Any news coming out of the Anfield redevelopment front has been painful at best and today we crawled a little closer – through broken glass and cigarette butts of course – towards the ultimate goal of expanding the historic stadium to accommodate 60,000 people as well as revitalize the surrounding area with news that compulsory purchase orders could be issued if a swift resolution isn’t found.
The problem with compulsory purchase order is that – according to the Chris Bascombe in the Telegraph – is that the club could face a lengthy legal fight that could delay the submission of the new stadium plans by up to two years. There are six key houses that need to be purchased in order to move forward with the expansion; four of them are derelict and the remaining two are unoccupied by their owners. While these CPO’s have always been seen as a last resort, it’s come time for them to be seriously considered and Liverpool City Council will debate later this month, and decide early next year, whether to push them through.
Last weekend it was bats that were standing in the way of Liverpool moving forward with the expansion, but now we’re back to plain, old stubborn people. Those who reside in the Anfield area have overwhelmingly backed the project and the Liverpool mayor Joe Anderson has echoed that. “We have had overwhelming support from local residents and businesses for our plans and there is unarguable public interest in driving these proposals forward” said the mayor.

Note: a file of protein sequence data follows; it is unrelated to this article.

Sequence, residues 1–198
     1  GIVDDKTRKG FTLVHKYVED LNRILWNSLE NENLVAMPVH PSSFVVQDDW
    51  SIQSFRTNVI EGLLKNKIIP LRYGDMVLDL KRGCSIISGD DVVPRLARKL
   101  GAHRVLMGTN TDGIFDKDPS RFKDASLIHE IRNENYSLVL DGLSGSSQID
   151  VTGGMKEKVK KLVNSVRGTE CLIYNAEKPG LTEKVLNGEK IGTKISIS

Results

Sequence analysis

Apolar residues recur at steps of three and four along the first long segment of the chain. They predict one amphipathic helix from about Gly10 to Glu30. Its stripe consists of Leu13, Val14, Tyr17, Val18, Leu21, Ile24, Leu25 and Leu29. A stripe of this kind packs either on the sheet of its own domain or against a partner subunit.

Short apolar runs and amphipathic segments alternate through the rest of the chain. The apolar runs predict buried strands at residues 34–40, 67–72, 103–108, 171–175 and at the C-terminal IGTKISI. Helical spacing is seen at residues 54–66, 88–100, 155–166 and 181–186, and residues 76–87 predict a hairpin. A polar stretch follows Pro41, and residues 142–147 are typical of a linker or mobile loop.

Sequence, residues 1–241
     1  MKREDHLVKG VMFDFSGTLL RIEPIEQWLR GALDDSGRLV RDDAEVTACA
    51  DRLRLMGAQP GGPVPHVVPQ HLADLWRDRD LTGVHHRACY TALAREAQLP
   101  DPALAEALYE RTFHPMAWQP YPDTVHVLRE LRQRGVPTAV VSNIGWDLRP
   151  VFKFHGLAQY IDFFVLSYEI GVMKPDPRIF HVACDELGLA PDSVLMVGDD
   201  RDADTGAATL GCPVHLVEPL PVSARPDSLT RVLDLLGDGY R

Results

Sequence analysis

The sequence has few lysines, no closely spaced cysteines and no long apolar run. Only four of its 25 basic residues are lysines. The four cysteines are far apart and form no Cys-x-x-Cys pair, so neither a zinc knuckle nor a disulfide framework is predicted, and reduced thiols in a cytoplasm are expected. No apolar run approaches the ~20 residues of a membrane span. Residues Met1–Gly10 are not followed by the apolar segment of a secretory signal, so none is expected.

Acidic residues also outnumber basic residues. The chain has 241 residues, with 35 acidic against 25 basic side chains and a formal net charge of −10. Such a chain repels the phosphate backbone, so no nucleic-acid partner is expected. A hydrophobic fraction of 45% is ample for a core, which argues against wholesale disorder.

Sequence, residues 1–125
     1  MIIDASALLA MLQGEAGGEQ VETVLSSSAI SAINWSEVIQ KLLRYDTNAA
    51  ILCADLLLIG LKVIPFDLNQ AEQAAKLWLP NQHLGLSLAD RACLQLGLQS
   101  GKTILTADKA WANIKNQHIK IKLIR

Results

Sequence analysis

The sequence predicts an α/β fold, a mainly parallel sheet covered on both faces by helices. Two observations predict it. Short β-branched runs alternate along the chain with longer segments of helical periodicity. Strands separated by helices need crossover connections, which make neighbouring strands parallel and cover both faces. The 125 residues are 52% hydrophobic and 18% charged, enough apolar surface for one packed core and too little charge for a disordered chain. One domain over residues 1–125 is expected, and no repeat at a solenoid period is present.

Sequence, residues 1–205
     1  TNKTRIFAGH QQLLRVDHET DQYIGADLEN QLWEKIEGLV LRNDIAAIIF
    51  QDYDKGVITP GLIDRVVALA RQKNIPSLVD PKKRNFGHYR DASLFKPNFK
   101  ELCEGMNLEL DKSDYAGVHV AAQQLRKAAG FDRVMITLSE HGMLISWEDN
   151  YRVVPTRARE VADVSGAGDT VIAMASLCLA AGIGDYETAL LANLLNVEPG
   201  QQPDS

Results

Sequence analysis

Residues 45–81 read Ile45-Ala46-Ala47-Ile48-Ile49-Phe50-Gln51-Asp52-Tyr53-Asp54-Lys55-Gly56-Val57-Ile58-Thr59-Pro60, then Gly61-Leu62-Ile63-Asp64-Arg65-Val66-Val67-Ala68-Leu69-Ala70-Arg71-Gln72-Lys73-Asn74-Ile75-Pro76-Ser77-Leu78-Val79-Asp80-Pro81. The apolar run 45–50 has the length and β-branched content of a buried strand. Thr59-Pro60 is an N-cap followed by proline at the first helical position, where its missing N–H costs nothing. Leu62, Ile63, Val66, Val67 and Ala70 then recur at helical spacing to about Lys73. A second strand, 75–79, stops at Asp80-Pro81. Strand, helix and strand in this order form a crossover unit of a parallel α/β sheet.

Steve Graves, writing in the Liverpool Echo, says that out of the 699 properties originally earmarked for demolition, 279 are either in the process of or are waiting to be demolished, 346 have already been purchased or have pending sales and the remainder are in talks to sell.
It’s been over 10 years since stadium proposals and regeneration of the Anfield area has been put on the table with numerous proposals – as well as a switch for the club to a brand new facility in Stanley Park – falling by the wayside, but Anderson seems determined to see this one through to the end. “The people of Anfield have been let down too often in the past. We will not let them down again.” The club, and their owners Fenway Sports Group, have showed the same kind of steely determination.
As soon as the club confirmed last year that expanding the stadium, rather than building a new one, was the preferred option, work began on driving the project forward. Despite the slow movement, word coming out of the Reds hierarchy remains positive and last month Ian Ayre confirmed that we were making steady progress. “Our ambition is to stay at Anfield, and we’re about 90% down the road in securing proprieties affected by redevelopment. I’m reasonably confident, the first phase will be closer to 60,000 capacity” said the Liverpool managing director.
The £260mil regeneration project is long overdue for both the club and the area. The Reds needing to compete on the financial field in order to compete on the football field has been a well worn turn of phrase for some time now and it’s one that everyone, including myself, is tired of using; especially when we’ve had this carrot dangled in front of us so many times in the past. Football aside, the revitalization of an area that has long been in decline is something massive for the city of Liverpool and the proposed shopping facilities, hotel, public space – as well as new homes – represents a push into the future; one that will benefit both the club and the city itself.